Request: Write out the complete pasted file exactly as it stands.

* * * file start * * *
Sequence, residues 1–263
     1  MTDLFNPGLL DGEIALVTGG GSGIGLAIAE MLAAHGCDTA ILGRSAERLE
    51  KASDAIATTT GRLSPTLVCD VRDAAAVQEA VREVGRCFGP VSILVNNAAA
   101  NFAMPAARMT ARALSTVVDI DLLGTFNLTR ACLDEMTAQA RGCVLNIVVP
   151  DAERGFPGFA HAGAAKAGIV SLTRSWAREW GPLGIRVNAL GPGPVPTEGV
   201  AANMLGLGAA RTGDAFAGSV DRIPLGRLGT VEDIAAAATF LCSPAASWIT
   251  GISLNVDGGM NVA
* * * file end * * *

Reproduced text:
Sequence, residues 1–263
     1  MTDLFNPGLL DGEIALVTGG GSGIGLAIAE MLAAHGCDTA ILGRSAERLE
    51  KASDAIATTT GRLSPTLVCD VRDAAAVQEA VREVGRCFGP VSILVNNAAA
   101  NFAMPAARMT ARALSTVVDI DLLGTFNLTR ACLDEMTAQA RGCVLNIVVP
   151  DAERGFPGFA HAGAAKAGIV SLTRSWAREW GPLGIRVNAL GPGPVPTEGV
   201  AANMLGLGAA RTGDAFAGSV DRIPLGRLGT VEDIAAAATF LCSPAASWIT
   251  GISLNVDGGM NVA